Most of America knows what the Miranda rights are, we hear them every time we watch a police procedural show on television. The product of a 1960’s Supreme Court case, Miranda vs. Arizona, it mandates that a suspect be told his or her rights before an interrogation, lest the results of that interrogation be inadmissible in court. The question in today’s headlines is whether this should be extended to terrorist suspects, and whether the extension of such rights is dangerous to America.
I have written many times of my personal beliefs on this matter; liberty and principle don’t matter when they are thrown aside in times of danger. Patrick Henry called us to this ethic when he decried, “Give me Liberty or give me death!” But neither do I desire to be overly critical of divergent opinion; citizens have the right to call for the safety of their families. What then, are we to make of the recent controversies surrounding the “wannabe-bomber” and the “underwear-bomber”?
I would like to set aside most of the Republican criticism of this Administration, up to and including the ridiculous irrelevancies of Rudy Giuliani. The Obama Administration has not, in fact, handled terror subjects differently than either the Bush Administration or the State of New York. Both entities have previous successful interrogations and convictions of all the suspects who were alive after they committed their actions. Despite the lies spread in the media for the last 2 years, there is a long line of terrorist actions from the post-9/11 Bush era from which to judge precedent.
The important question is, what should be done going forward that aligns with American principles? Umar Farouk Abdulmutallab was handled under the Obama Administration’s protocols, and this is the timeline from that handling:
- “12:03 p.m.: The plane lands, and U.S. customs agents come aboard and arrest Abdulmutallab. After holding him in a special room, officials decide at 12:45 to take Abdulmutallab to the University of Michigan hospital for emergency treatment of his second- and third-degree burns. While the suspect’s burns are being treated, the FBI’s Detroit special agent in charge picks two agents to carry out the initial questioning of Abdulmutallab. One of the two is a veteran counterintelligence agent with experience in Iraq and Afghanistan; the other is a specialist in bomb material.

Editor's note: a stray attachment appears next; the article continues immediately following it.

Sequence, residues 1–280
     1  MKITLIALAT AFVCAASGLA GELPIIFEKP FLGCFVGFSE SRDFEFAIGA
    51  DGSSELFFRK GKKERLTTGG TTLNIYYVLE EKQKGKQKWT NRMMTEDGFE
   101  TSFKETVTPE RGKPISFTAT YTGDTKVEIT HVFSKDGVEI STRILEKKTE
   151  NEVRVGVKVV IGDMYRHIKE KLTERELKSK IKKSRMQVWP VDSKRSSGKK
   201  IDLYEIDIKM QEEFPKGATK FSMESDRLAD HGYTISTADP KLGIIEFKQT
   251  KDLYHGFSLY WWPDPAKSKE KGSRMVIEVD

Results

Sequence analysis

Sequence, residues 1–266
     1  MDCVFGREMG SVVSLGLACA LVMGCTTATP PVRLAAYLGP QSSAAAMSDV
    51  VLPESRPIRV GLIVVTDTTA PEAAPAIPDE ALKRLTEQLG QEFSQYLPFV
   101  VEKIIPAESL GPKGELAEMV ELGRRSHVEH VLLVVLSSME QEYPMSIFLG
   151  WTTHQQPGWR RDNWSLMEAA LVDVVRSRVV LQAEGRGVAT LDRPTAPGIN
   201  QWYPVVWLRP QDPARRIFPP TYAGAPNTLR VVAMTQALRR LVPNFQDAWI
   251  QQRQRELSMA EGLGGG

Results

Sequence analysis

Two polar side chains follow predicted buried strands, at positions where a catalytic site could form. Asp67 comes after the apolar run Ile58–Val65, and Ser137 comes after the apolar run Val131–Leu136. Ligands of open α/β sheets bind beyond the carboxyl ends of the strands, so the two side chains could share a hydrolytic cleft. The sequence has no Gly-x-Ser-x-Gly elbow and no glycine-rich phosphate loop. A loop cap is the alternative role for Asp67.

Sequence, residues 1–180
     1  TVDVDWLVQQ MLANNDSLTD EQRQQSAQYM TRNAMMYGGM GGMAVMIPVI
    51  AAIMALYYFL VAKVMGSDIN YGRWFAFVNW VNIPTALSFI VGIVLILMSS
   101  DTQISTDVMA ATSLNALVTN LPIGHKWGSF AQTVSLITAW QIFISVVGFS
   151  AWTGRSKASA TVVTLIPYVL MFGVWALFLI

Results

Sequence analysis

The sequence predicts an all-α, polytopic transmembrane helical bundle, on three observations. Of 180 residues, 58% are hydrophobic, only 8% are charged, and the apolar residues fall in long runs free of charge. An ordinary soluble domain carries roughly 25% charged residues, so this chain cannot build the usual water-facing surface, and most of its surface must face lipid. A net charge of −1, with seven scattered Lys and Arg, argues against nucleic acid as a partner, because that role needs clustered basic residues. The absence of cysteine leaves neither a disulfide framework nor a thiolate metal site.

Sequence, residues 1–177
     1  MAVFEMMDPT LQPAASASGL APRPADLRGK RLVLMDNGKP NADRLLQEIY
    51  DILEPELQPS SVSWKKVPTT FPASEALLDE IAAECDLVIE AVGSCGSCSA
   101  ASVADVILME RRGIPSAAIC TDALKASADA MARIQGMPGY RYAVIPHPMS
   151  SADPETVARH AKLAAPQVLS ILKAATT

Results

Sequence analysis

- • “2 p.m.: FBI agents arrive at the hospital and discuss Abdulmutallab’s physical and mental state with doctors treating him.
- • “3:30 p.m.: Agents begin interrogating Abdulmutallab under rules that permit questioning about immediate threats to U.S. security without the reading of Miranda rights. The questions concern whether other bombs were on the plane, whether Abdulmutallab had co-conspirators and whether there were plans for other attacks. ‘It’s to take advantage of the shock of arrest,’ said one law enforcement official. The interrogation produced some useful intelligence, according to this and other officials. After 50 minutes FBI agents end the questioning ‘when doctors need to take him in for additional treatment because his medical condition has deteriorated,’ according to the chronology.”
The FBI interrogated the suspect under the auspices of a “safety interrogation”, a technique whereby law enforcement can question suspects to follow leads in the prevention of immediate threats to public welfare. The Supreme Court ruled on this in 1984 in the case, New York vs. Quarles. Rudy Giuliani would be, of course, supremely aware of this ruling, having been a prosecutor in New York at that time. Given his recent open mouth, insert foot experiences, he seems to have forgotten this critical fact.
Our democracy, it seems, was well-constructed to handle the concepts of liberty during times of great danger. It is beyond my comprehension then, why people who claim to adhere to a strict constructionist view of the Constitution want to rewrite our laws and throw aside our principles at the times we need them the most. I suppose fear has something to do with it…..but perhaps it is less about fear and more about political branding. Worse, perhaps it is about the wanton consolidation of power in a government that some want run by the corporations, for the corporations, and of the corporations. Hey, it can’t be more paranoid friends, then advocating the notion that capitalist news ventures are pushing for world socialism.
The Rational Middle hopes all had a wonderful Mother’s Day….and we are listening…